“The core thing everything comes back to, again, is that if you change yourself, you can change reality. And that’s a stupid ‘New Age’ idea, but…[it’s also] ‘as above, so below’-the hermetic philosophy thing. The character that runs a thread right through The Invisibles-who’s the core of it-is Jack Frost. He starts off as a completely rough kid, he’s nothing, and we follow this guy as he develops into a future buddha, and we see how that affects the entirety of everything.
“I’m trying to do something with a kind of fractal, holographic effect, and even the tiniest parts of The Invisibles refract the whole shape of it.
“I have it all mapped out. I know what happens in the last one. It will finish in the year 2000, which is where it was meant to, maybe a little later in the year than I expected. I think that after that, it won’t work. I’m tapping into all of these currents [aliens, conspiracy, paranoia, mysticism, millennialism], but I think once we get past that year 2000 threshold, and even slightly before it, I think we’ll be where the modernists were at the end of the last century. And what we’ll get is a completely different spirit and these apocalyptic, millennial spirits will transform really quickly into something else. So I don’t want to still be doing the apocalyptic digest paranoid conspiracy book when there’s a new current out in the world. I want it set up so The Invisibles will end, so I can come up with something new that will hopefully embody or whatever the forward-looking spirit we start to get.”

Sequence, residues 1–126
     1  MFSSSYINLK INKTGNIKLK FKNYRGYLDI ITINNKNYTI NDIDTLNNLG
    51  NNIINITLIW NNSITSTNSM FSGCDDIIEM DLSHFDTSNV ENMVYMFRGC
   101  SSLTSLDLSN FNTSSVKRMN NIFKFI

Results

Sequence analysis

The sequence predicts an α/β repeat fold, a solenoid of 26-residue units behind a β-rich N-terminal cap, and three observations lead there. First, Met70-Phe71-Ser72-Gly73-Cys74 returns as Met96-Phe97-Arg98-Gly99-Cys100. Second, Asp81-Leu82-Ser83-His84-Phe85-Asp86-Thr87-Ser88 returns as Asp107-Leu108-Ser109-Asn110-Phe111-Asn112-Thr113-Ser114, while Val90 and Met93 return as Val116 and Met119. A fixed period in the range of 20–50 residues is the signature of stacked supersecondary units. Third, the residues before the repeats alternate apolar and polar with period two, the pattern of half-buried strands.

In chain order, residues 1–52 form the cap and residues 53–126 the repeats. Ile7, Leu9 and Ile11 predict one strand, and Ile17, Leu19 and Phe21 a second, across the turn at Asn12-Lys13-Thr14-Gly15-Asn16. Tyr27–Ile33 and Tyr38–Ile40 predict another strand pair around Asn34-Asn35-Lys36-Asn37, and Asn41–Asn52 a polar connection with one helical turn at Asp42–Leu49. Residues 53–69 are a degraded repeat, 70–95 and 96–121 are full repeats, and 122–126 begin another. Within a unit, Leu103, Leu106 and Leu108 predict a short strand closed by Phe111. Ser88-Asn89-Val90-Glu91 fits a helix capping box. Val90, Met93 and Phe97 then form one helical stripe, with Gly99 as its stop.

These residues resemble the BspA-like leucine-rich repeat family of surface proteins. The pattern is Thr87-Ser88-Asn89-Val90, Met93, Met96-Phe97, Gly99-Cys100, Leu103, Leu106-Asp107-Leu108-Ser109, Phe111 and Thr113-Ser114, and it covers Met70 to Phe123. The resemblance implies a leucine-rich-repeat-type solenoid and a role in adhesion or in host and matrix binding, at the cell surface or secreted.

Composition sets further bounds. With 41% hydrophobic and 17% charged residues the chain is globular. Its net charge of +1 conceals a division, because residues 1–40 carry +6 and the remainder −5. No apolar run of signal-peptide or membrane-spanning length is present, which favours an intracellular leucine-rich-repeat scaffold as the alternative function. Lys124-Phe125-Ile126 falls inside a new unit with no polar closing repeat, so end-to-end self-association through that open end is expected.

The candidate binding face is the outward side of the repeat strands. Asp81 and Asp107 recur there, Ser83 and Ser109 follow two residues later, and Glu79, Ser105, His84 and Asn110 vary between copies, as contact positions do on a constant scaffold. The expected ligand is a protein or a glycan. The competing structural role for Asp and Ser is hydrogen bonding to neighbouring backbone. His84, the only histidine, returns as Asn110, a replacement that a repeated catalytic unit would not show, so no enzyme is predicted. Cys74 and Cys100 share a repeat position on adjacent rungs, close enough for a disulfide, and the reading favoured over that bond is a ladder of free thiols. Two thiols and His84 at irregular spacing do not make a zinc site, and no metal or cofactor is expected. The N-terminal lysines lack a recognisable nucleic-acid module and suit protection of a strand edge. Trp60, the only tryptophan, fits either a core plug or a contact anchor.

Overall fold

As anti-conventional as Morrison’s comics are, sometimes they seem to pale in comparison to the very public lifestyle he has led over the last few years-one marked by world travel, partying with Britpop bands like the Boo Radleys, massive hallucinogen ingestion, self-education in the arts of various magics, and, last year a frightening brush with death involving blood poisoning, a severely infected lung, and a (temporary) stress-related giant abscess on the side of his face. All of these experiences have made their way into his adult-oriented comics work.
“The last issue of the Doom Patrol was written on mushrooms,” Morrison says proudly,” and I did an entire 64-page story for 2000 A.D. on Ecstasy. I did it cuz it was kinda what the strip was about, it was a ‘two people getting off and taking drugs and going to a rave in the future’- sort of thing. And I thought I wanted to get into that a bit, so I took a couple of Es and just wrote the whole thing out.
“There’s a trip scene in issue two of The Invisibles where they’re up on a mesa. That’s actually real and the dialogue is taken from a tape-recorded conversation.